• Govt must make most of Jetstar competition
    Government agencies should pledge to always buy “the best fare of the day” to maximise competition between Jetstar and Air New Zealand and ensure savings for taxpayers while boosting services to regional New Zealand, Labour’s Transport Spokesperson Phil Twyford says.… ...
    2 days ago
  • Time for inquiry into petrol margins
    It’s time for an inquiry into petrol companies as margins are once again at the high levels that prompted concerns late last year, says Labour's Energy Spokesperson Stuart Nash. "Over the December January holiday period, petrol importer margins jumped to… ...
    5 days ago
  • More talk as Auckland congestion worsens
    The main impact of the Government’s agreement with Auckland Council today will be simply to delay still further decisions needed to relieve the city’s traffic congestion, says Labour’s Auckland Issues Spokesperson, Phil Goff. “Government has been aware for more than… ...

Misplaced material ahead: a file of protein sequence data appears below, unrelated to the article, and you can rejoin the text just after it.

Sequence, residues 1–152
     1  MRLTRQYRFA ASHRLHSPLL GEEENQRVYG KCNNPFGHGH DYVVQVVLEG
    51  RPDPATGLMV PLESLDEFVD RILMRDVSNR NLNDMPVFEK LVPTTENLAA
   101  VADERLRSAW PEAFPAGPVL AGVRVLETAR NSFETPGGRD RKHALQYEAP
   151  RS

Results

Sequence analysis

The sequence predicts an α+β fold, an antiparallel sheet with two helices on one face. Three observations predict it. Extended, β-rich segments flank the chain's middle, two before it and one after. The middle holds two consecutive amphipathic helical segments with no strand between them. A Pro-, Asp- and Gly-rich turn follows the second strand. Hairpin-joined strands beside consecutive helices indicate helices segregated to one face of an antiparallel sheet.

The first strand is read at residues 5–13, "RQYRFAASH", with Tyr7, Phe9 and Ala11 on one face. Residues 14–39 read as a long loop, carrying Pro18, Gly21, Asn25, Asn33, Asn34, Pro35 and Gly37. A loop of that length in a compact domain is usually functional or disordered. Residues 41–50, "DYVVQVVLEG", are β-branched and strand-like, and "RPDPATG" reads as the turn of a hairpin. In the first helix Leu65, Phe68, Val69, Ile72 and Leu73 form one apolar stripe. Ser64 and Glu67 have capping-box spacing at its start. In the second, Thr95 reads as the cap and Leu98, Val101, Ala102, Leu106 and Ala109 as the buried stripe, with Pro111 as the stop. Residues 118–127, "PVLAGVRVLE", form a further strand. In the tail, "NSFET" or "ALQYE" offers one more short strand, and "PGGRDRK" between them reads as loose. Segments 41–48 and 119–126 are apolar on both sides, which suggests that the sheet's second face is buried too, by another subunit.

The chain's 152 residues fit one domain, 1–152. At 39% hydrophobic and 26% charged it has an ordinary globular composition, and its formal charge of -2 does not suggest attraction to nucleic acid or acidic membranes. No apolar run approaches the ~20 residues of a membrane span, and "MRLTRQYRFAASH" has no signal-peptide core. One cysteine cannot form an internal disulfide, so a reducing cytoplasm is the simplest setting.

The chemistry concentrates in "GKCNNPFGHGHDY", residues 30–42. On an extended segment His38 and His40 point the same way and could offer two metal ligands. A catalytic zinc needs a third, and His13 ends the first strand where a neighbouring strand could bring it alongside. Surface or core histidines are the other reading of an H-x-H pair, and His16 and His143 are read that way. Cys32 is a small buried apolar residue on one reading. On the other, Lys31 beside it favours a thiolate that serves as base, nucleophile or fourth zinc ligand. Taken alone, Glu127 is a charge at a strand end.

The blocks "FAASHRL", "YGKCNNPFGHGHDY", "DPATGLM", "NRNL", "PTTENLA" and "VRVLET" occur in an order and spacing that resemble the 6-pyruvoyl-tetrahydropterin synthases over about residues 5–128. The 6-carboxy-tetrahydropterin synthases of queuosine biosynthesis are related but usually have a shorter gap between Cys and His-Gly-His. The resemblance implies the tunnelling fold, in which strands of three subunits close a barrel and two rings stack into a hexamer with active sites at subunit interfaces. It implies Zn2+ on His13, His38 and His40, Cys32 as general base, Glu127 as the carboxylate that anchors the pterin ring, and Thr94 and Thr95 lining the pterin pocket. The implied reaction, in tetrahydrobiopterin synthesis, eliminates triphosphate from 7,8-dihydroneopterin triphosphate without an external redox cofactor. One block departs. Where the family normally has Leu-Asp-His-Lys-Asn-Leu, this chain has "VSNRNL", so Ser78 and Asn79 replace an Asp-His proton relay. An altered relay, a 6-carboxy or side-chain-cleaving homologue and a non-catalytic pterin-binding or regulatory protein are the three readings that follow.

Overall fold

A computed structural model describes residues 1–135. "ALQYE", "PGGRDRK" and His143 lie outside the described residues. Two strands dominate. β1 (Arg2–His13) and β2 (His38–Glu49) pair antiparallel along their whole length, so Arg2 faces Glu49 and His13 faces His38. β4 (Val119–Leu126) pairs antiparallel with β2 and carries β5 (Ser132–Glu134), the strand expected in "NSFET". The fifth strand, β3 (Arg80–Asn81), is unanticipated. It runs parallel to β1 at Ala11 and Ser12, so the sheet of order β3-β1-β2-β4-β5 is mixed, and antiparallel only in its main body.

5 days ago
  • Serco inquiry extended
    A two month delay to the Government investigation into prison fight clubs shows the extent of problems within the Serco circus, says Labour’s Corrections spokesperson Kelvin Davis. “My office received a tsunami of complaints so I’m not surprised the terms… ...
    6 days ago
  • Truck Shops ignore consumer laws
    A damning Commerce Commission report out today highlights the failure of the Government to protect poor and vulnerable families from unscrupulous truck shops, says Labour’s Consumer Affairs Spokesperson David Shearer. “The report found that 31 out of 32 firms it… ...
    6 days ago
  • Taihoa at Ihumatao says Labour
    Labour’s housing spokesperson Phil Twyford has called on the Government to rethink its controversial Special Housing Area in Māngere. Auckland Council is today meeting to discuss the development which borders the Otuataua Stonefield Historic Reserve. This project is to get… ...
    6 days ago
  • Figures suggest National deliberately excluded farming
    Figures showing the dairy industry would be categorised as high risk if there were a further five severe injuries within a year, strongly suggests National designed its flawed system to deliberately exclude farming, Labour’s spokesperson for Labour Issues Iain Lees-Galloway… ...
    6 days ago
  • Bleak report on the state of our children